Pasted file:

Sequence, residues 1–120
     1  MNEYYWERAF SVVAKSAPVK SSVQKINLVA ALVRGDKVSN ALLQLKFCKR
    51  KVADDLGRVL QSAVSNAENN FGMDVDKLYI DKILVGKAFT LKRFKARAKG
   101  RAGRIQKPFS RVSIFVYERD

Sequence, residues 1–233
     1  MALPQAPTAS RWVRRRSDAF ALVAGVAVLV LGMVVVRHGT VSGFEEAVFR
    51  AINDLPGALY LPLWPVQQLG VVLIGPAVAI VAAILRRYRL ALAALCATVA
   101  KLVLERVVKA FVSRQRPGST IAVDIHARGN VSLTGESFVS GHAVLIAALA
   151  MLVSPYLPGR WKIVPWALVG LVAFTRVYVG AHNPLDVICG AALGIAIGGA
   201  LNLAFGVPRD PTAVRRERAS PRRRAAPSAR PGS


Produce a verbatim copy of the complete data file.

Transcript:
Sequence, residues 1–120
     1  MNEYYWERAF SVVAKSAPVK SSVQKINLVA ALVRGDKVSN ALLQLKFCKR
    51  KVADDLGRVL QSAVSNAENN FGMDVDKLYI DKILVGKAFT LKRFKARAKG
   101  RAGRIQKPFS RVSIFVYERD

Sequence, residues 1–233
     1  MALPQAPTAS RWVRRRSDAF ALVAGVAVLV LGMVVVRHGT VSGFEEAVFR
    51  AINDLPGALY LPLWPVQQLG VVLIGPAVAI VAAILRRYRL ALAALCATVA
   101  KLVLERVVKA FVSRQRPGST IAVDIHARGN VSLTGESFVS GHAVLIAALA
   151  MLVSPYLPGR WKIVPWALVG LVAFTRVYVG AHNPLDVICG AALGIAIGGA
   201  LNLAFGVPRD PTAVRRERAS PRRRAAPSAR PGS